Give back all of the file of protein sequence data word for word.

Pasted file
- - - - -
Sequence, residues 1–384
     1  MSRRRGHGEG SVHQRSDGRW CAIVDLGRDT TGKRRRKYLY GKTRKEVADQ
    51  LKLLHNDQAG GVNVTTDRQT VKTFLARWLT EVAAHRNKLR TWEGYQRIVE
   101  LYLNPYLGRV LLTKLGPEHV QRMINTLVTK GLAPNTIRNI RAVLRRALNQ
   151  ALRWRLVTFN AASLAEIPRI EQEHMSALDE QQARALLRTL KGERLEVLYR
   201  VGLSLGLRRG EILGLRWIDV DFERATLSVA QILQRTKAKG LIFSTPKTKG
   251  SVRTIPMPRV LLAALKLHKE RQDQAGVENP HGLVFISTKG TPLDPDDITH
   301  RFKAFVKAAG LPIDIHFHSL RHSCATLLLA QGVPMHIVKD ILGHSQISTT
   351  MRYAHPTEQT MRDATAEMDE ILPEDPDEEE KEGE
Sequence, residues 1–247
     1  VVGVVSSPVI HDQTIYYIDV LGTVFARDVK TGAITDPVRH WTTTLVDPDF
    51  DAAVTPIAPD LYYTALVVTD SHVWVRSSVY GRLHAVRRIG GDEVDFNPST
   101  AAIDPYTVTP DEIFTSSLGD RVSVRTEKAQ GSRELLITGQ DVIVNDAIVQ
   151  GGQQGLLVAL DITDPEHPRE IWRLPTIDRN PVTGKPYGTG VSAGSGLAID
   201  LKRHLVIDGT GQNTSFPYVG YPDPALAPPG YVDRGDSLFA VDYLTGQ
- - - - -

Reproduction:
Sequence, residues 1–384
     1  MSRRRGHGEG SVHQRSDGRW CAIVDLGRDT TGKRRRKYLY GKTRKEVADQ
    51  LKLLHNDQAG GVNVTTDRQT VKTFLARWLT EVAAHRNKLR TWEGYQRIVE
   101  LYLNPYLGRV LLTKLGPEHV QRMINTLVTK GLAPNTIRNI RAVLRRALNQ
   151  ALRWRLVTFN AASLAEIPRI EQEHMSALDE QQARALLRTL KGERLEVLYR
   201  VGLSLGLRRG EILGLRWIDV DFERATLSVA QILQRTKAKG LIFSTPKTKG
   251  SVRTIPMPRV LLAALKLHKE RQDQAGVENP HGLVFISTKG TPLDPDDITH
   301  RFKAFVKAAG LPIDIHFHSL RHSCATLLLA QGVPMHIVKD ILGHSQISTT
   351  MRYAHPTEQT MRDATAEMDE ILPEDPDEEE KEGE
Sequence, residues 1–247
     1  VVGVVSSPVI HDQTIYYIDV LGTVFARDVK TGAITDPVRH WTTTLVDPDF
    51  DAAVTPIAPD LYYTALVVTD SHVWVRSSVY GRLHAVRRIG GDEVDFNPST
   101  AAIDPYTVTP DEIFTSSLGD RVSVRTEKAQ GSRELLITGQ DVIVNDAIVQ
   151  GGQQGLLVAL DITDPEHPRE IWRLPTIDRN PVTGKPYGTG VSAGSGLAID
   201  LKRHLVIDGT GQNTSFPYVG YPDPALAPPG YVDRGDSLFA VDYLTGQ